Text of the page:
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The CUNY system would lose 5.2 percent of its state funding under the $132.9 billion budget Gov. Andrew Cuomo proposed last week.
That decrease pans out to $37 million less than last year for the city’s public colleges, leaving them with $670 million in state money for the coming fiscal year.
State Sen. Toby Stavisky (D-Whitestone), the ranking minority member of the Senate Higher Education Committee, said the slash will deal a “very dramatic and traumatic” blow to the already strapped group of schools, which includes four institutions in Queens alone.
“Public higher education is being cut disproportionately to other state services. There’s been a 20 percent cut in state aid to CUNY over the last 10 years. It went from 63 percent of CUNY’s operational budget 10 years ago in the 2001 budget to 43 percent of its operational budget last year,” she said. “This has gone on for many years. It’s been a slow erosion of state support for higher education over the last 30 years. The result will be smaller class sizes, fewer courses offered, fewer full-time faculty and it will take even longer for students to graduate.”
But Stavisky has hope that she and her colleagues in the state Legislature will be able to restore during the budget negotiation process at least some of the state higher education funding set to be eliminated.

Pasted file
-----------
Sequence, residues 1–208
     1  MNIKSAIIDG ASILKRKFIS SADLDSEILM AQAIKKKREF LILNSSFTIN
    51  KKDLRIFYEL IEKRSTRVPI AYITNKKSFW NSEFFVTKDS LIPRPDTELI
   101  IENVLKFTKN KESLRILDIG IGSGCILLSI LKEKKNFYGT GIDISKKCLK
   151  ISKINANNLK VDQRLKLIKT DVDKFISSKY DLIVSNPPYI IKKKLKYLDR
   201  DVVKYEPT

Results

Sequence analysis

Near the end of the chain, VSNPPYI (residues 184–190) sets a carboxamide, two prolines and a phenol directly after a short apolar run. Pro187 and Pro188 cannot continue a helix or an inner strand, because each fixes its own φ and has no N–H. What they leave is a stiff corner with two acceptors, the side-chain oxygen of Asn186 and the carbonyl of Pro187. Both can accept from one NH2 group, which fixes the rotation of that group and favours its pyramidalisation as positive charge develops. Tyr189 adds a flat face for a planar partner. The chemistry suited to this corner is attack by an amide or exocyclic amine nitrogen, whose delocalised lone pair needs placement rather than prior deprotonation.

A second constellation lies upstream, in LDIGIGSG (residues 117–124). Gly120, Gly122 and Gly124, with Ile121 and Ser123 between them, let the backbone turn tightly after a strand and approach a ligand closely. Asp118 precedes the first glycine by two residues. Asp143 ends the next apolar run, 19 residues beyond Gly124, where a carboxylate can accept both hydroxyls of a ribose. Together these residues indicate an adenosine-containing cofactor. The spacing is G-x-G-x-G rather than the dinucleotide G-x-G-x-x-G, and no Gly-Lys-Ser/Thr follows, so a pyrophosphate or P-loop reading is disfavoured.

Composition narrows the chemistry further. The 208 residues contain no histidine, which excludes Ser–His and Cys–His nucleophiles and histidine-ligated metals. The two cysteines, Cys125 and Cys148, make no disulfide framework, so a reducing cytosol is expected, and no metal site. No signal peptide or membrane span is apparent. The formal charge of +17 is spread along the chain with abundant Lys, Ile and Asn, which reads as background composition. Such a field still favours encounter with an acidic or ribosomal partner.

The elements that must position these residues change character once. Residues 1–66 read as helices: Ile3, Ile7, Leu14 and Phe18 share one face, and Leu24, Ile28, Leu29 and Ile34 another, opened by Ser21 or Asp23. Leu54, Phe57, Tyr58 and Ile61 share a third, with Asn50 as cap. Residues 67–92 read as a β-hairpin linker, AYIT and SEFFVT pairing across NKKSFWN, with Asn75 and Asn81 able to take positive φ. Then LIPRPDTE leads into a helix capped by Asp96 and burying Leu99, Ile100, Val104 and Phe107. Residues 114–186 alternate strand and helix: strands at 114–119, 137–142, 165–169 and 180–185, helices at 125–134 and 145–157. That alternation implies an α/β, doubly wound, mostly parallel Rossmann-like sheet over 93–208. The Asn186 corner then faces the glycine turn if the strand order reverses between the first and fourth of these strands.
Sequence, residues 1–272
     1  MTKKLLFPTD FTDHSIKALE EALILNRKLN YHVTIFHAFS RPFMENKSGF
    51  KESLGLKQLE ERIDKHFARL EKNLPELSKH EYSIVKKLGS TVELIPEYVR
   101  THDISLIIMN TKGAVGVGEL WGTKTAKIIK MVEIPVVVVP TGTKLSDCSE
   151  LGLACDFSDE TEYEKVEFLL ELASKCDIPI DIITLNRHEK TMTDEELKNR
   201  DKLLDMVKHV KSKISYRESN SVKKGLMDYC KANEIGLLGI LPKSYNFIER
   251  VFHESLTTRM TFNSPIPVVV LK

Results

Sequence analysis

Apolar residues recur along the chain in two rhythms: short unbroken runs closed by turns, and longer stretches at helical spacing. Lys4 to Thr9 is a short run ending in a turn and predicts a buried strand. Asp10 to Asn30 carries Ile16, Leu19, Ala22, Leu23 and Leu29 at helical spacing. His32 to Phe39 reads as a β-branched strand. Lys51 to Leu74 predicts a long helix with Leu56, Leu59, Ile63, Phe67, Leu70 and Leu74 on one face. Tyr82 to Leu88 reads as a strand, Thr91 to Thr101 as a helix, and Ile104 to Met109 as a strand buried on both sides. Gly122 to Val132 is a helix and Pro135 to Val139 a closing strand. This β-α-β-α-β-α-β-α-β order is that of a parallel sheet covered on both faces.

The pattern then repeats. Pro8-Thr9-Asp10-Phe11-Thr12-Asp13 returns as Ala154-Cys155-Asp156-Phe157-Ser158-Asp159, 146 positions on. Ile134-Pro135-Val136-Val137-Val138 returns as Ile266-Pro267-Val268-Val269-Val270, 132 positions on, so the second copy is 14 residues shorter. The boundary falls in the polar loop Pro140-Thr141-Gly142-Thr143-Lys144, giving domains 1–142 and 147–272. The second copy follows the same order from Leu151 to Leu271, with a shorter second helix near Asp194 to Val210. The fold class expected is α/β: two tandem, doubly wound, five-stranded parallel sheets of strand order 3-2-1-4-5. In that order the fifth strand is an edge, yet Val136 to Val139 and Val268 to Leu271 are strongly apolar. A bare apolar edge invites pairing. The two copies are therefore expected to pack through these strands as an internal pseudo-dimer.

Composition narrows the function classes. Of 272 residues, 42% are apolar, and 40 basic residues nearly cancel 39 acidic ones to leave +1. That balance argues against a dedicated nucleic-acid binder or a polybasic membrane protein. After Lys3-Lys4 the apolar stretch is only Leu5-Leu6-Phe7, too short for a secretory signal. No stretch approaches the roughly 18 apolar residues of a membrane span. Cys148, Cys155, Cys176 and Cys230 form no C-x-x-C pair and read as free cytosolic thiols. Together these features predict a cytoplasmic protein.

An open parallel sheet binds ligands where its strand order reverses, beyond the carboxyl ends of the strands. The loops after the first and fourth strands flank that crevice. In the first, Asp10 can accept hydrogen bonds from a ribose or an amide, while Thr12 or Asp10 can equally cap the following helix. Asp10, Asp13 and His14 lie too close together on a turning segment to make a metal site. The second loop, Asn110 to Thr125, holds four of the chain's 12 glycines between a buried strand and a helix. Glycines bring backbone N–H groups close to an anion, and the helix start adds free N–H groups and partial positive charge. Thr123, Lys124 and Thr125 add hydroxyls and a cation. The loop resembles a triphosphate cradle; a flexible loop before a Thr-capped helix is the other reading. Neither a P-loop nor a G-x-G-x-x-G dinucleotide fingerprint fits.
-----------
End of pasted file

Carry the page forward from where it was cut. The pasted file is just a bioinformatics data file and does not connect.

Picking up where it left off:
A joint hearing between both the Senate and state Assembly’s Finance and Higher Education committees is scheduled for Thursday at 9:30 a.m.
CUNY Chancellor Matthew Goldstein said in a statement that he will work to do what he can to make sure the city’s colleges are universities are hurt as little as possible by the final budget, which is scheduled to be adopted April 1.
“We remain committed to working with all parties in order to mitigate the negative impact of proposed reductions and to maintain high quality and accessibility to educational opportunities that CUNY represents to hundreds of thousands of New York families,” he said.
Reach reporter Connor Adams Sheets by e-mail at firstname.lastname@example.org or by phone at 718-260-4538.
©2011 Community Newspaper Group
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